And there are different ways how to do it, but I would recommend to just start and set a goal, like one video a day. And what I think what holds people back a lot of times, it's the perfectionism we all have because we are experts in our field and now we want to show people the perfect side of our business and everything. And what I learned through the communication training I do every day, it's the imperfection things and also the mistakes we all do that makes you a human that builds trust.

And so if you just set the goal for one video a day, you will get fast so quickly. In the end, you will end up like me. I just need two minutes to shoot the video and two minutes to edit it because your workflow will be so fast.

If you don't know how to do... So there are three ways. First, just try it out. Second one, you try to get somebody that teaches you how to do it yourself.

Or the third way would be you get a full agency like what we do. We come in. We know what to do.

We film you. I ask you the right questions. I teach you how to be authentic in front of the camera and we edit it and do everything on our own.

But if you want to do it yourself, use InShot, use CapCut, use Lightroom on your phone as a picture editing software and learn those softwares and you will be fast and quick. And the last thing for what I also think is always the problem is finding the right ideas.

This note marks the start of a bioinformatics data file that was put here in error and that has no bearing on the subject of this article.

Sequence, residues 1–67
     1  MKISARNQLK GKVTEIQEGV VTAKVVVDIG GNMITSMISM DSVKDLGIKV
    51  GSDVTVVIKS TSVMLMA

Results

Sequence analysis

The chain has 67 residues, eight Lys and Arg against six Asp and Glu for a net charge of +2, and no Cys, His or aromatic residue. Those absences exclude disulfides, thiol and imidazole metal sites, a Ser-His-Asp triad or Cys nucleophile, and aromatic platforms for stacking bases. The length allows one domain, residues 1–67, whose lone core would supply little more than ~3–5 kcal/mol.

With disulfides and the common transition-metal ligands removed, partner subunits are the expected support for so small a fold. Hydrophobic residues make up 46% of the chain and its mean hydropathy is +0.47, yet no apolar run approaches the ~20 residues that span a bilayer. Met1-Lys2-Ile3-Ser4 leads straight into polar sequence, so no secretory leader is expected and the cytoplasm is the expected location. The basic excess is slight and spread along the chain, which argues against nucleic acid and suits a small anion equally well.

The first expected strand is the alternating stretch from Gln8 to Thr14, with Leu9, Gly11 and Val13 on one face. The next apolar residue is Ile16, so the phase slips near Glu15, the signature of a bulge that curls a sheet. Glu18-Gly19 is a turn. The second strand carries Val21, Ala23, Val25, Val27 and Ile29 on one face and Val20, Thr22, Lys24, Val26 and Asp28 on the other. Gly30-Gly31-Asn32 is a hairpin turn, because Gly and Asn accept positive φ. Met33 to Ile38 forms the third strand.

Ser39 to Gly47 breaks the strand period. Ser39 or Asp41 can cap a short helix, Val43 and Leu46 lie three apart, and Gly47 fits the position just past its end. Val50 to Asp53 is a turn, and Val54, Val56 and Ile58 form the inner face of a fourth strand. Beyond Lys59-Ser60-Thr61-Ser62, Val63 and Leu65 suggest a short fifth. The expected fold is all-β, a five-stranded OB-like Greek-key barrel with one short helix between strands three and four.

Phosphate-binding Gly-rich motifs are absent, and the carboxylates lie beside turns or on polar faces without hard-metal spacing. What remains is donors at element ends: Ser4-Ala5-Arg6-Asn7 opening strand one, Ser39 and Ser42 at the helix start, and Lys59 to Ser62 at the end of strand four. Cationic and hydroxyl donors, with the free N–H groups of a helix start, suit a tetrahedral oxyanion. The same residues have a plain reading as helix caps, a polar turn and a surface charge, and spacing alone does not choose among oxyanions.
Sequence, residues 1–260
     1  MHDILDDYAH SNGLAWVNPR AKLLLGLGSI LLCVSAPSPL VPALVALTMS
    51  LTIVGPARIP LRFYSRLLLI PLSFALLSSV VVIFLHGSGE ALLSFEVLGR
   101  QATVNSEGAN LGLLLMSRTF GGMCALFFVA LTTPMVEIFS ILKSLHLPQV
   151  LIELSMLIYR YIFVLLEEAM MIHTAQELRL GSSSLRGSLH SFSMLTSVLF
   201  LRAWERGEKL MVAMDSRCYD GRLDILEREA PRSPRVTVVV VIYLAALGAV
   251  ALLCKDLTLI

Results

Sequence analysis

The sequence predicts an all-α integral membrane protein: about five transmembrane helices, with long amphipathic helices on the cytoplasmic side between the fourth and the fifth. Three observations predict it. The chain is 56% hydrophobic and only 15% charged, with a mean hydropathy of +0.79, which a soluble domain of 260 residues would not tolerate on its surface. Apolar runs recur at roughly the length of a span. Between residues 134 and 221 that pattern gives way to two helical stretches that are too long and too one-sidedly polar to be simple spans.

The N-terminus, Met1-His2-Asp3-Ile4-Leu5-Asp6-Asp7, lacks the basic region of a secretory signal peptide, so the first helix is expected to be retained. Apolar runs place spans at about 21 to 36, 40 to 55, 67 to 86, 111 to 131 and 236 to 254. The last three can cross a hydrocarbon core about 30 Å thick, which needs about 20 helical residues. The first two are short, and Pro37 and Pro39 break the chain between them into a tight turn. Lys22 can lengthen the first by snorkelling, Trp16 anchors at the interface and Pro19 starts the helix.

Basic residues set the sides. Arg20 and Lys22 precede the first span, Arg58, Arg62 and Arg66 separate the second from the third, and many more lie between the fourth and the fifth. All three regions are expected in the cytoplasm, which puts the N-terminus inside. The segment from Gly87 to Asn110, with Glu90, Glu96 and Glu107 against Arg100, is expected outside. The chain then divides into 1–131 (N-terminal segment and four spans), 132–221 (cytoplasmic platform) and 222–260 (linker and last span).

Also, you waste a lot of time if you search for ideas on Instagram.

So you really have to pay attention to good, good advices. Take a 20 minute timer at the end of the day, screen social media for your favorite creators and really look what they do. Like is that a great idea? And my opinion is every trend you can apply that to every field.

So every sound you hear that goes viral, every video idea that goes viral, try to think how can I do that in my own style and find a surprising ending. That's what Amanda taught me, by the way, surprising ending. So nobody can expect what's what is happening at the end.

I think these are the most crucial parts. So you don't lose so much time to search ideas there, especially us as business owners. It's really important to pay attention to our time and how we use it.


Yeah, that makes a ton of sense. And for those listening and not looking at the video, I was raising my hand when Sven was talking about the challenge of feeling like everything has to be perfect. And I think especially those of us that are focused first and foremost on the long form content as the starting point, write a book.